This essay analyzes the construction and filmmaking approach used in “Cidade de Deus” (referred to as City of God throughout), a 2002 Brazilian film directed by Fernando Meirelles and Kátia Lund, based on the semi-autobiographical novel of the same title, by Paulo Lins. The film was an international commercial success, receiving widespread critical acclaim, sweeping the awards of international festivals in 2002-2003. The film illuminates the darkest corners Rio’s favela’s in the 1960s – 1980s, raising the invisibility cloak on its most vulnerable inhabitants — the children who are brought into gangs, drug trafficking and who ultimately become victims of gun violence at a young age. While there does not appear to be clear quantifications of the film’s impact, nor its ability to garner social change (particularly for residents of the favelas), the construction of the film/ story can be credited (at least in part) in catalyzing much needed dialogue in Brazil and abroad about the social crises central to the film.
The term ‘favela’ refers to highly populated urban agglomerations that emerged in Rio in the early twentieth century; they are characterized by substandard housing, and are usually built on land not owned by the inhabitants. The term has become local vernacular for the poor, segregated areas of the city, but it is also seen as a community of contrasts — of solidarity and sociability, but where drug-related violence remains very real (Freire-Medeiros 22). Prior to the 1970s, illegal settlements were not considered under the Brazilian government’s purview, and therefore, deemed not a priority for public amenities, transport, education or healthcare infrastructure. This began to change from the 1970s onwards when, in Brazilian university postgraduate programs, favelas became a favourite topic of study across various disciplines. Foreign researchers conducting fieldwork in the favelas also helped to debunk the many prejudices. Around this time, demographic data surfaced revealing favela inhabitants were not always Afro-Brazilian, criminals or unemployed, but were marginalised by systemic discrimination (Williams 492). Rio’s favelas began receiving infrastructure improvements and their citizenry rights recognized in the 1970s. By the 1980s, most had electricity, water and sewage infrastructure. However, the escalating violence brought into the favelas by drug trafficking and gun violence (the topic of focus in the film City of God) reinforced perceptions of favelas as dangerous criminal spaces (Williams 492).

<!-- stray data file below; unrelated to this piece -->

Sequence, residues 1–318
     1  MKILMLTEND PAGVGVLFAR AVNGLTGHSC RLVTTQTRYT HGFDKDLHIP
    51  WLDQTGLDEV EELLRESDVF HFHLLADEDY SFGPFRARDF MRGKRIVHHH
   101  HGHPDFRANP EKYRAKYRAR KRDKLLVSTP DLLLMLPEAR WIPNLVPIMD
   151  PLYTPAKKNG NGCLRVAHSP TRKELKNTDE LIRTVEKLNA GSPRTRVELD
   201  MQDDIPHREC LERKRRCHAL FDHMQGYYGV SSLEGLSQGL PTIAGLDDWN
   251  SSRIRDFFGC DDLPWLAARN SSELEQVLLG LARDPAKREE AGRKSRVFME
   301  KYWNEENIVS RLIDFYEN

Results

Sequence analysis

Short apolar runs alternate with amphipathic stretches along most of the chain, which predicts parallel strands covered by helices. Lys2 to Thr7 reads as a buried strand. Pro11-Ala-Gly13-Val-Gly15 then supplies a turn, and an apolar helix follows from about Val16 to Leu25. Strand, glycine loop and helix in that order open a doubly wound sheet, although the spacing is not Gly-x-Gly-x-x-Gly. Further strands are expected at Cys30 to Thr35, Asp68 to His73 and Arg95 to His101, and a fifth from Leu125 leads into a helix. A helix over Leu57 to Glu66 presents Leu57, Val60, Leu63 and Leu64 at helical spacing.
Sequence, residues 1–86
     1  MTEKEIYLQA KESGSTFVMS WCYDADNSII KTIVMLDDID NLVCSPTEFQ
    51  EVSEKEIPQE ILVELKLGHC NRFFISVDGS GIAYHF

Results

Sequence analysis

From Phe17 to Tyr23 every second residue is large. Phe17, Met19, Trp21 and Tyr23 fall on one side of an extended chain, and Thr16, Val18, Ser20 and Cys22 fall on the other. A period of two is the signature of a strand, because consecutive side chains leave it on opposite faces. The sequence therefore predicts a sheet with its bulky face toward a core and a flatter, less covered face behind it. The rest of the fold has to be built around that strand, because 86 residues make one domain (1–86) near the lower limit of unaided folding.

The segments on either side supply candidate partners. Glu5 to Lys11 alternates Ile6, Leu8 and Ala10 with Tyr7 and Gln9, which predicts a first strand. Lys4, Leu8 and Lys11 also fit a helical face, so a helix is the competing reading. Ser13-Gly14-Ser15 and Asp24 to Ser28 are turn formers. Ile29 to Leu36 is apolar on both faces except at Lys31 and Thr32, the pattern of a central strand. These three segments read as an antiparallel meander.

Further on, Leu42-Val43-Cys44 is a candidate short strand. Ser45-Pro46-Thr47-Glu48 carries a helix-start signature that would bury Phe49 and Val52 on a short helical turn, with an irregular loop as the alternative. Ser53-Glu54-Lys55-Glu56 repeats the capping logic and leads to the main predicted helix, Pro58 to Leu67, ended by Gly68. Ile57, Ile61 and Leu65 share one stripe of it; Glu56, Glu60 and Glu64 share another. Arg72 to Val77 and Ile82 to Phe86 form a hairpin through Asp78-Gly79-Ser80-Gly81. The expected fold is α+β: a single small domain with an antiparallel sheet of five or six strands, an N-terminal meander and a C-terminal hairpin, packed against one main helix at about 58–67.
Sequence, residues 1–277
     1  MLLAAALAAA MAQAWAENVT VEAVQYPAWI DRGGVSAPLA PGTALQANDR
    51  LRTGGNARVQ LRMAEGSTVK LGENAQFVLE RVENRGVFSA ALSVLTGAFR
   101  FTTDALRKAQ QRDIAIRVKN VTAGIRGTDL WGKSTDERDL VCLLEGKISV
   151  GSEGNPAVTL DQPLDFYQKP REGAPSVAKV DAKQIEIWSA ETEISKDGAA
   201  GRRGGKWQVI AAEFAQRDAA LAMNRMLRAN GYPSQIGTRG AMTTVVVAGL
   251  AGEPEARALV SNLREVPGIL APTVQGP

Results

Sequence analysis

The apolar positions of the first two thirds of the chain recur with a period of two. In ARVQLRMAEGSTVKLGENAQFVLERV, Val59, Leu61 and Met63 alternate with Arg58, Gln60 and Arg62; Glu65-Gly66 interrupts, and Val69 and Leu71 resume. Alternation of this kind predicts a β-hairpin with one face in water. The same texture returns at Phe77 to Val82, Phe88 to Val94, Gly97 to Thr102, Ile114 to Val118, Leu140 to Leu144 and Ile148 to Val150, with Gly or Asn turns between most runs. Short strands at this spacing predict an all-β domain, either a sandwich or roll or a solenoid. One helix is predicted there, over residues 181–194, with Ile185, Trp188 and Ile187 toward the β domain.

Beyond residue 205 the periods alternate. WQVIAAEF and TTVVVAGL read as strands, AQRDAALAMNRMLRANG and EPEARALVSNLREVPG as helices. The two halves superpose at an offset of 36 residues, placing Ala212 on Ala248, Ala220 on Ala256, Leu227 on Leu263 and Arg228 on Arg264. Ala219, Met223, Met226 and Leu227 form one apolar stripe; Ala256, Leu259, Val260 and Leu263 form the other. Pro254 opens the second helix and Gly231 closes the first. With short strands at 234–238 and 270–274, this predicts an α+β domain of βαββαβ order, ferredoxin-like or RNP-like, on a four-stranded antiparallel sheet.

The film is divided into three stories: Shaggy’s story, Benny’s story and Li’l Zé’s story. The dual meaning of the word story was unlikely accidental. ‘História’ in Portuguese means both ‘story’ and ‘history.’ The use of this term in Portuguese reinforces that there is a history of neglect, and these ‘criminals’ are a product of circumstances derived from the favela environment, in desperate need of their voices being heard (Meirelles; Nagib 246). The film borders on ethnographic in how authentic the voices are. Amateur actors were selected from favelas (by filmmakers Meirelles and Lund) and were encouraged to improvise, use their own vocabulary and body language, which further contributed to the film’s authentic feel. Through the use of a mediator (Rocket/ Buscapé), the favela environment and its politics are navigated and narrated. In the film, Rocket’s character grew up in the the favela and he continues to reside there, but exists on the periphery of City of God’s drug gangs. When Rocket gets an entry-level job at a newspaper, others’ reactions to his photographs illuminate how impenetrable City of God’s drug gangs are. As far as characters go, his neutral position (to the drug gangs) and insider perspective (of the favela), provides a window into its spaces and social realities, that seem relatively foreign to even Brazilian outsiders (Freire-Medeiros 24; Meirelles; Nagib 245-246).